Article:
[[circle]] 9 [[/circle]] October 23, 1974 Secas Islands Some preliminary explorations today. Weather is sunny with little wind. Ca 9:15 am. Cavada Island. Swim near shore. Over gravel bottom, then out over boulders, sand, small coral heads. Little or no visible macro-vegetation. Lots of large fish. But apparently no cephalopods. Stop ca. 10:05 am. About an hour later. Barracuda Island. Swim over extensive but shallow coral reef (continuous, rounded knobby surface-[[underline]] Porites [[/underline]] sp.?) stretching out from rocky cliffs. Again lots of large fishes. Also many schools (50 to 200 or more individuals) of small fishes that are [[underline]] obviously mimicking squids[[/underline]] [[Pomauntrid ?]]???? [[image of fish]] Generally dark gray. Dark eye. Dark spot bare pectoral fin. Yellowish on throat. Tail either shape shown above, or broader with two dark streaks, giving same effect. Brilliant, shiny, large white "false eyespots" at base of tail (very near top of back) Often swimming in a jerky manner; with rise at end or dip and rise. Thus, the general effect, with eyespot, tailfin; and movements, when a fish was swimming forward,
was that of a squad swimming backward. (It fooled O at first). Why should a vulnerable fish mimic a vulnerable squid? Stop observations abruptly when shark appears. October 24, 1944 Chiriqui Made a small dive at San Jose Island (Near Las Ventanas). From beach, ca. 8:30 am. Over pebble and rock. Again lots of fishes. But water very murky. (rather a strong wind blowing). No cephalopods visible. But I shouldnt be surprised if things like [[underline]] Loliguncula [[/underline]] did not appear from time to time. Obviously [[underline]] Sepioteuthis [[/underline]] does not occur along the Pacific coast because there is no Turtle Grass (or Turtle Grass-littoral [[underline]] Diadema [[/underline]] habitat) But why is the habitat itself lacking?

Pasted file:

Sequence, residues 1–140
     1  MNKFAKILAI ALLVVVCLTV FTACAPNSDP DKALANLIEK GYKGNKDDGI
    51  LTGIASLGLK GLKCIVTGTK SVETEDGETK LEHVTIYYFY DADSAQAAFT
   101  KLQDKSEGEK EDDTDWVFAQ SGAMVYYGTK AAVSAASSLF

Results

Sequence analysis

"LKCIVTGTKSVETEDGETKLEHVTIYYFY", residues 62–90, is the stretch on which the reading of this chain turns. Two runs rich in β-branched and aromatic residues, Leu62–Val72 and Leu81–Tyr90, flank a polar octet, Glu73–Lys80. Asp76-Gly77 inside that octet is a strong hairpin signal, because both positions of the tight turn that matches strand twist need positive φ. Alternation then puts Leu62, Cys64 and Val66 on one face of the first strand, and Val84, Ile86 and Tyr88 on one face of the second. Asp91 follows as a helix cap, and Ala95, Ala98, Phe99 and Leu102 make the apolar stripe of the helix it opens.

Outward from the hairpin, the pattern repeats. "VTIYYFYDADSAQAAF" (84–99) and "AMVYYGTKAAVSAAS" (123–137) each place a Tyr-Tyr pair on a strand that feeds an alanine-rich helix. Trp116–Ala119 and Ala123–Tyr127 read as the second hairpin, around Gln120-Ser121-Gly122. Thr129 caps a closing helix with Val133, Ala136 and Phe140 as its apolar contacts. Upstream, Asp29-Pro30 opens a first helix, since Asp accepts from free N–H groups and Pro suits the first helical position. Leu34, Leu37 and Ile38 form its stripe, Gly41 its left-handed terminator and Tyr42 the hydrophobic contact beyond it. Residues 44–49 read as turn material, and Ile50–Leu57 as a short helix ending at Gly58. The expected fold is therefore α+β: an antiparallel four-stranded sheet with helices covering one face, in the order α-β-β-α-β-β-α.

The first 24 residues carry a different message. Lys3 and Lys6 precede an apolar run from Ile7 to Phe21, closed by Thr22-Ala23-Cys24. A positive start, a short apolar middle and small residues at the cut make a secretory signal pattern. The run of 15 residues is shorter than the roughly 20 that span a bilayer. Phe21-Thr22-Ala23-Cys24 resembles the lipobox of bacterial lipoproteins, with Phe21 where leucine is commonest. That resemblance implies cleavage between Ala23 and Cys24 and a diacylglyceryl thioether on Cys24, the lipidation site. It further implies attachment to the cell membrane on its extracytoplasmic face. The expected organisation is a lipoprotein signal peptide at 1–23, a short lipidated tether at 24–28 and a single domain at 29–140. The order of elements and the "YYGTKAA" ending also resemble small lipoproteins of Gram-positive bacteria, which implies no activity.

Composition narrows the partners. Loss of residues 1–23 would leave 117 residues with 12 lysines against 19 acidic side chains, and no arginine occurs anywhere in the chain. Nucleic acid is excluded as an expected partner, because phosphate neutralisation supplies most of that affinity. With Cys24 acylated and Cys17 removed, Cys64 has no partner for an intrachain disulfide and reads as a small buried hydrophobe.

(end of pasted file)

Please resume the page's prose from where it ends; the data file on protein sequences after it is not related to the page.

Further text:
Cephalopods- Africa [[circled]] 1 [[/circled]] August 8, 1976 MBour and Joal -south of Dakar. Centers of fishing industry. The sites where a cuttlefish fishery may be established by the Senegalese gov't and the Centre Oceanographique (Chabanne) We went down to talk to the local people. Obviously cuttlefishes are more or less abundant- perhaps more so at MBour than at Joal. We saw individuals caught by local fishermen (some in nets from beach, some from boats) Quite large. Apparently [[underline]] Sepia officinalis [[/underline]] (Chabanne says that this is the common species.) Most people agree that cuttlefishes begin to be found ca. 100 m offshore (probably also much farther away. Usually in more or less deep water (50-100 m. ????), usually near bottom. French scientists at MBour (the Dorbath's) say that they saw lots and lots of cuttlefishes high in water column near shore "about 3 months ago." End of dry season and/or beginning of wet season? Mating behavior? NOTE: Chabanne says that there is at least one other species of [[underline]] Sepia [[/underline]] in the region. Smaller and more rounded. August 19, 1976 MBour Arrange to go out to "offshore" area where most of the local fishermen that specialize in cuttlefishes (and octopi) prefer to work. It is a relatively shallow bank approximately 1 km from the beach of the ORSTOM Station. Start off ca 7:45 am. Reach bank ca 8:10 am. This is obviously a major fishing area. Lots of pirogues (15-20), flags, buoys, etc. Also lots of small pirogues (1 to 3